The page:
Rowyn (rowyn) wrote,
Rowyn
rowyn

Paper-reading Lady

I caught the bus at the corner of Gillham and Armour this morning, the one that only goes a quarter-mile. I usually walk the distance instead, but I was running late.

A man in a postal uniform takes this bus daily, and boards at the same stop. He got on just after I did, and sat a couple of benches behind me. I was sitting right up front, in the seats that run parallel to the bus sides -- since I was only riding for a quarter mile -- next to a pretty woman in a suit and scarf. She was reading a newspaper.

From his seat, the post office worker said to her, "Hey there, paper-reading lady!"

She lifted her head from her paper, and gave him a Look. Now, he had delivered his words in a jovial, friendly voice, like a man speaking to an old friend. She gave him the sort of Look one generally reserves for leering men saying things like "Wha's yo' price, ho?" "Excuse me?" she said, in a tone aimed to chill bonfires.

"I said, 'Hey there, paper-reading lady!'" He was still perfectly jovial and pleasant.

"I believe this is America."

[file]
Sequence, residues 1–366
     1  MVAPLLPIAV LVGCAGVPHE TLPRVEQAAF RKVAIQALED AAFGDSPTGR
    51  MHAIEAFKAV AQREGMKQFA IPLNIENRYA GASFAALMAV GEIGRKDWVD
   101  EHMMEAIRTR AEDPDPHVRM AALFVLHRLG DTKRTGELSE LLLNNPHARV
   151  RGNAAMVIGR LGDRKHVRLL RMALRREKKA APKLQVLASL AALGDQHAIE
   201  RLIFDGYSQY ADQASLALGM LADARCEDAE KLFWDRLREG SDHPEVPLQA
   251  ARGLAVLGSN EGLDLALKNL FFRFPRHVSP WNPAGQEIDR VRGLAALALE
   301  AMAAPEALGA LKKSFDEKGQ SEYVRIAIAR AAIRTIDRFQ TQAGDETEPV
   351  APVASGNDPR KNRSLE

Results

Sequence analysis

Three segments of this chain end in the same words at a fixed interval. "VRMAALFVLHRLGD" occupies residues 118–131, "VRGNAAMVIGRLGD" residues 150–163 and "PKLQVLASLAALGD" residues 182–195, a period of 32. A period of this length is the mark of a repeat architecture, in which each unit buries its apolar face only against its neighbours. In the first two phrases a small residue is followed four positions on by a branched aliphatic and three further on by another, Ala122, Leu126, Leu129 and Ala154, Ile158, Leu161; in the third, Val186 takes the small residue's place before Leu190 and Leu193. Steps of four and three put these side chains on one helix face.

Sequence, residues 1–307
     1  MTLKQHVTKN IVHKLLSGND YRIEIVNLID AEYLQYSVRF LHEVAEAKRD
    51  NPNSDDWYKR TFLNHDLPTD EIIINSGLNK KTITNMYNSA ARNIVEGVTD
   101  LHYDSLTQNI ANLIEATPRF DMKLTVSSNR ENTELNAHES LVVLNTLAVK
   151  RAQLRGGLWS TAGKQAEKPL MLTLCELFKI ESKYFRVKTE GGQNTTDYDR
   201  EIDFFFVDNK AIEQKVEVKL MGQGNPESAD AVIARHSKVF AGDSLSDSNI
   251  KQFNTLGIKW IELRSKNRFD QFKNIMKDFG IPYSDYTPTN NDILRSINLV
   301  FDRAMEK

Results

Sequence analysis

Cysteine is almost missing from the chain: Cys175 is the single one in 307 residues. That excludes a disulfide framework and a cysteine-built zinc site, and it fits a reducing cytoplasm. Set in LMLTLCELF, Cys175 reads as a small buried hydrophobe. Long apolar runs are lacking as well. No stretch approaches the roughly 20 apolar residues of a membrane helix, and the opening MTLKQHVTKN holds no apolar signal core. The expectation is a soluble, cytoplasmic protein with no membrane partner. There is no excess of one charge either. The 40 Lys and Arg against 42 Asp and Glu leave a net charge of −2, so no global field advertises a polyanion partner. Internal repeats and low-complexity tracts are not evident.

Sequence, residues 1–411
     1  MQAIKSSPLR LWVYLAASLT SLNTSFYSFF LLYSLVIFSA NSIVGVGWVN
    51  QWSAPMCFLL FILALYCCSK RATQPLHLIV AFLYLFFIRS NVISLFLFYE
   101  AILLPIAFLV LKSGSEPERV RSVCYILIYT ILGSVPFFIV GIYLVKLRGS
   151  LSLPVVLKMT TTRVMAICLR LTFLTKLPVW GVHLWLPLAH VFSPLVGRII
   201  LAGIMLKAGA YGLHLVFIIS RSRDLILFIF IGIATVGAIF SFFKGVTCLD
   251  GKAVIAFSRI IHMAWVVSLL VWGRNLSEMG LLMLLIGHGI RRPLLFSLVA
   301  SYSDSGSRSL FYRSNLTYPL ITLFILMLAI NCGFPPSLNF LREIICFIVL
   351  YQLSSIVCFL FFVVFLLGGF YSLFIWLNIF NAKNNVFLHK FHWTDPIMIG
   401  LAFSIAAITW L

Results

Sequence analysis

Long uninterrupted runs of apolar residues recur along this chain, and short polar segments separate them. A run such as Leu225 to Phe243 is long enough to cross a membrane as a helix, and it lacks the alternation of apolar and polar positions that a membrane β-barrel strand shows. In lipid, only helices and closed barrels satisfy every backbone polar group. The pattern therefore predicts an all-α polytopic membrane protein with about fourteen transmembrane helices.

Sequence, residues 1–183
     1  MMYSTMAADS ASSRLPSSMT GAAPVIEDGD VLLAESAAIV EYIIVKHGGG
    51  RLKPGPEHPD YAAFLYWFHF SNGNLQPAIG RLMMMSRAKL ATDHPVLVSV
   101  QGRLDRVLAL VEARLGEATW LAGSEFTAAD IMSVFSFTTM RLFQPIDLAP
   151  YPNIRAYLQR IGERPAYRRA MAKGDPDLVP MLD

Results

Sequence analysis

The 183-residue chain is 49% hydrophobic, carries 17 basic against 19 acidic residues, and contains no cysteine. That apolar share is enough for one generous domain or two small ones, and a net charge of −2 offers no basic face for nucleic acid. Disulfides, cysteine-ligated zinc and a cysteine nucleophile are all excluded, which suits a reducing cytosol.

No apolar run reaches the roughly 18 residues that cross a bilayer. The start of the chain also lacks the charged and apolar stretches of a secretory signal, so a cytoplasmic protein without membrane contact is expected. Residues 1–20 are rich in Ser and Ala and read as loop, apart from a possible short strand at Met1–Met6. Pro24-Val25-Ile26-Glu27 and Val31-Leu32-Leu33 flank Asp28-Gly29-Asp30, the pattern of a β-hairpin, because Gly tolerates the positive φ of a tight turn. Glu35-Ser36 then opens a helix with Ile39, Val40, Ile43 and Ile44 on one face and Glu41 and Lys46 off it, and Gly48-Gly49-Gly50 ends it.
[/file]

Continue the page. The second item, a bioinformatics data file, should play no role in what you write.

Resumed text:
"Sure is."

"I mean, the United States." She stretched out "united" into "uuu-nighted" for further empasis.

"Yup."

"As long as I've bought this paper, I'm entitled to read it wherever I want. On the bus, on the street, in a restaurant, in the bathroom, wherever I want."

As she was speaking, I was covering my mouth to conceal the huge grin growing on my face. Across from me, another woman was also trying not to smile too widely, while a seat further back, I could see a woman whose grin stretched from ear to ear.

The paper-reading lady rustled her paper in irritation. "The nerve of some people," she said, to no one in particular.

"Oh, absolutely," said the woman across from us, smiling. She held out her umbrella like one proffering a weapon. "Would you like to teach him a lesson?"

The man said, half-laughing, "Careful, there! She might do it!"

But the paper-reading lady had gone back to her paper. I pulled the cord for my stop. As I was stepping off, I heard the postal worker behind me say to her, "And how are you this morning?" in the same cheerful, unperturbed manner he'd worn this whole conversation. I didn't get to catch her response.

But, just based on her manner, I'd have to say "irritable."
Tags: life, on the bus
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